Klostermann worked with children for Earth Spirit and completed an internship with Buffalo Niagara Waterkeepers. He has also been deeply involved with the Western New York Native Plant Collaborative, where, though he is by far the youngest partner, he has made significant contributions. Ronan was a camp counselor and director for the New York Department of Environmental Education, an environmental educator at the Taconic Outdoor Education Center, and a park naturalist for York County Parks in Pennsylvania.

 

Both women are now working locally. Ronan is an environmental educator at Reinstein Woods Nature Preserve and Desorcie serves on the Buffalo Museum of Science staff at Tifft Nature Preserve as a learning facilitator. (She defines that role as developing and implementing educational programs.) Klostermann just completed an internship with the Nature Conservancy and the Student Conservation Association collecting seeds in South Dakota as part of a climate-change-related grassland restoration program, and plans to attend the College of Environmental Science and Forestry where he will study conservation biology and entomology.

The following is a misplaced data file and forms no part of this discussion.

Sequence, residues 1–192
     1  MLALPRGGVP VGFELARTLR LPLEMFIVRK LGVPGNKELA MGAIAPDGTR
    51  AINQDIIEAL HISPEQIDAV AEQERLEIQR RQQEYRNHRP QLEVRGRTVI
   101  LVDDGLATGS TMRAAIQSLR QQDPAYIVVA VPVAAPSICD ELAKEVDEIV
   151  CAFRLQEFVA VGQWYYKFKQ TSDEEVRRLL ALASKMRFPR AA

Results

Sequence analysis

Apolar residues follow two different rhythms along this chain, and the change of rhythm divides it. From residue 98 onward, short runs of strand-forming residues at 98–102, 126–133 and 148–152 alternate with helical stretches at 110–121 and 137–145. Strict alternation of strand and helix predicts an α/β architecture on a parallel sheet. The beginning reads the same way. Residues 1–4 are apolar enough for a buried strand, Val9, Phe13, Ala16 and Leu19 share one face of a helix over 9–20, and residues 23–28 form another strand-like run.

Asked about some of their environmental concerns, these young conservationists had varied responses. Ronan believes that most of our problems stem from our changing climate and she fears our “disconnect from nature: as a society and among individuals.” She recognizes that many problems require specific and swift action, but she believes that “true lasting change will only come if we are able to reconnect with the natural world and restore our relationship with the land and water around us.”